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  • 12-26-2003, 10:38 AM
    Hi and Happy Holidays to Everyone!

    I am looking to "upgrade" my home component system, and was interested in recommendations. I currently own some very old 70s/80s vintage componenets (Ohm H speakers, JVC JA-S77 Integrated Amp, Onkyo Cassette Deck, Hitachi FT4400 Tuner, Sony CDP-70 CD-Player). I was never happy with the Ohm speakers ... and the Integrated Amp and Cassette Deck are shot.

    My listening patterns and tastes: wide variety of music ... little bit of jazz, little bit of show music, but I would say 80-90% classic rock, current rock, and current day stuff like Creed, Red Hot Chili Peppers, Counting Crows, Matchbox 20, Third Eye Blind, etc (no rap). I live in an 800 sq. ft. apartment.

    I don't consider myself to be an advanced audiophile, but I do consider myself to be above the average listener is quality expectations (somewhere in the middle). I like some enhanced clarity and separation, and also like some bass separation.

    Here's my dilemma. Without a working amp, the rest of my system is unusable. I think the future seems to be Home Theater, so I'd like to pursue that. It would seem logical that I should think along the lines of replacing the amp with a Home Theater Receiver first. That way, I would then have a usable system with speakers and CD player. However, I eventually want to replace the Ohm speakers ... I never felt that they had adequate bass (in those days, Infinity would have been the way to go, but it's a long story as to why I chose Ohms).

    I know enough (I think) to know that one should purchase a receiver or amp that adequately drives ones speakers. Yet ... I'd really prefer to not have the expense of a new receiver and speakers all at once ... especially since I have "usable" speakers. So what should I do? Just pick a suitable receiver that I hope will drive whatever speakers I eventually decide on, or just resign myself to having to purchase them all up-front?

    The next question is what to consider in terms of components. I know this is a matter of opinions/tastes, but it would appear that in terms of home theater receivers, I should consider Yamaha or Denon (figure on price point $500-$1000). I have heard pretty consistently that Yamaha has a crispness at higher volumes that Denon doesn't have.

    In terms of speakers, do I have to have 4/5 speakers if I am using a Home Theater Receiver, or can I start with 2? What speakers are good nowadays that have good bass separation and emphasis (figure on price point $1000-$1500 total for either 2 or 4 speakers).

    Thanks so much for your help!

  • 12-27-2003, 09:13 AM
    Hello Larrye,

    I'm still quite a novice on the AV front, but here's my recommendations:

    1). Receivers: I think both the Denon and Yamaha lower end AV receivers are a great value for the money (I have one of each)....particularly the Yamaha units which generally go on sale more often. Try and find a store where you can do comparison testing of both units on an identical setup (same CD, same speakers, etc..). Think of all the features you need (i.e. Component switching, 6.1, etc..) and factor that into your decision. Personally, I don't think you need to worry about the receivers being unable to adequately drive your eventual speakers unless you plan to purchase some high-end, very inefficient speakers. Most good speakers under $1000 should work fine with most decent receivers.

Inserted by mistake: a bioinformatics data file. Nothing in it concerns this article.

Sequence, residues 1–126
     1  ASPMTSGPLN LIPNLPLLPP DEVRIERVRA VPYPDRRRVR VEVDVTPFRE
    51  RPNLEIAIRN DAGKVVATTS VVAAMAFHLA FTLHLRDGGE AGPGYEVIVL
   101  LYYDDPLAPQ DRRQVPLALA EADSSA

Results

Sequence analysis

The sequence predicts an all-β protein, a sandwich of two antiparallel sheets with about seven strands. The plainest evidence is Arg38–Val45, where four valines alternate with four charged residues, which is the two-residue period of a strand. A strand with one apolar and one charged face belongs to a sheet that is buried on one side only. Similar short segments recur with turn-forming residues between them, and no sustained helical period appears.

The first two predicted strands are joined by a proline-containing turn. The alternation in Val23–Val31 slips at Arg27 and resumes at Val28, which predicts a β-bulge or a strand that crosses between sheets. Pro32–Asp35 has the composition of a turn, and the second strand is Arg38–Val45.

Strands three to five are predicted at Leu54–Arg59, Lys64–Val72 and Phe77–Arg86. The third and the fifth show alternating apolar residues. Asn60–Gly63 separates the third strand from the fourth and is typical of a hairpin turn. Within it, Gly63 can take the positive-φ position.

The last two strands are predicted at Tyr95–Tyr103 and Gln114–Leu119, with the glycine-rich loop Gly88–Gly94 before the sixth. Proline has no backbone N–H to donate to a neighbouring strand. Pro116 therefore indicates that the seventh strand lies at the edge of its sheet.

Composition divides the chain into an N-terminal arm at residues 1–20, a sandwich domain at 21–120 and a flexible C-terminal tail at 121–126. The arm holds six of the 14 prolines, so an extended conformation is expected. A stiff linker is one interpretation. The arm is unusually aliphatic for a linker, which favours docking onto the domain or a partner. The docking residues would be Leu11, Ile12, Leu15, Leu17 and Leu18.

2). In terms of speakers, you certainly do not have to have 5.1 (or more) speakers with a HT receiver. However, you won't get true HT sound without all the speakers. Either way, I'd definitely recommend buying a matched center when purchasing your fronts. Speakers are discontinued all the time and it may be difficult to find a sonically similar center at a later date. With two fronts and a center, you could move your old speakers to the rear and have a full setup. A sub does make a big difference for HT (i.e. action movies), but you can buy one later. In regards to what speakers to purchase, bookshelves generally do lack some bass, but work well for HT when paired with a sub. If you plan to do a lot of stereo listening without a sub, towers are probably a better bet. As with the receiver shopping, do a lot of A/B testing (bring in your own CD disc) of the speakers AT THE SAME VOLUME LEVEL and choose the models that sound best to you. Also ask whether a home trial is possible. In regards to what speakers I like, I live in Canada and there are a lot of great Canadian brands that offer better value than the imports. These include Dahlquist, Energy and Axiom. The best time to purchase speakers is when the manufacturer is about to change models. 50%+ off the MSRP is not unusual during a good sale.

    Hope this info helps and I'm sure you'll get a lot of enjoyment out of whatever you decide to purchase.
    p.s. - a good learning remote may not be a bad idea either!